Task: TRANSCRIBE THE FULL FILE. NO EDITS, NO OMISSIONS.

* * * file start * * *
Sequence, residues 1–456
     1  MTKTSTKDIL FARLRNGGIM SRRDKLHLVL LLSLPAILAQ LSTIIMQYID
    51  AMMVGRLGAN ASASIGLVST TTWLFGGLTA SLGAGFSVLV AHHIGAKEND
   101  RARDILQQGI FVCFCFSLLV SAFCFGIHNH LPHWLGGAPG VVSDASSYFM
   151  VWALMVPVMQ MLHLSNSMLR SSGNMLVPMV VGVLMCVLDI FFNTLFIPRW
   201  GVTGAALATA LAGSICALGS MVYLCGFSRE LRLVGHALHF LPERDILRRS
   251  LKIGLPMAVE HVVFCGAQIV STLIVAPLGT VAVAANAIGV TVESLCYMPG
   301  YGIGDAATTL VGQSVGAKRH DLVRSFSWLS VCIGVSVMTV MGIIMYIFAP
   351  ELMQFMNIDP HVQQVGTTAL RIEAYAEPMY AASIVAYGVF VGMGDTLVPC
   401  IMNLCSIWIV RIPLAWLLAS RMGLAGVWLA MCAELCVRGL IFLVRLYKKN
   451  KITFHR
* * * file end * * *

Sequence, residues 1–456
     1  MTKTSTKDIL FARLRNGGIM SRRDKLHLVL LLSLPAILAQ LSTIIMQYID
    51  AMMVGRLGAN ASASIGLVST TTWLFGGLTA SLGAGFSVLV AHHIGAKEND
   101  RARDILQQGI FVCFCFSLLV SAFCFGIHNH LPHWLGGAPG VVSDASSYFM
   151  VWALMVPVMQ MLHLSNSMLR SSGNMLVPMV VGVLMCVLDI FFNTLFIPRW
   201  GVTGAALATA LAGSICALGS MVYLCGFSRE LRLVGHALHF LPERDILRRS
   251  LKIGLPMAVE HVVFCGAQIV STLIVAPLGT VAVAANAIGV TVESLCYMPG
   301  YGIGDAATTL VGQSVGAKRH DLVRSFSWLS VCIGVSVMTV MGIIMYIFAP
   351  ELMQFMNIDP HVQQVGTTAL RIEAYAEPMY AASIVAYGVF VGMGDTLVPC
   401  IMNLCSIWIV RIPLAWLLAS RMGLAGVWLA MCAELCVRGL IFLVRLYKKN
   451  KITFHR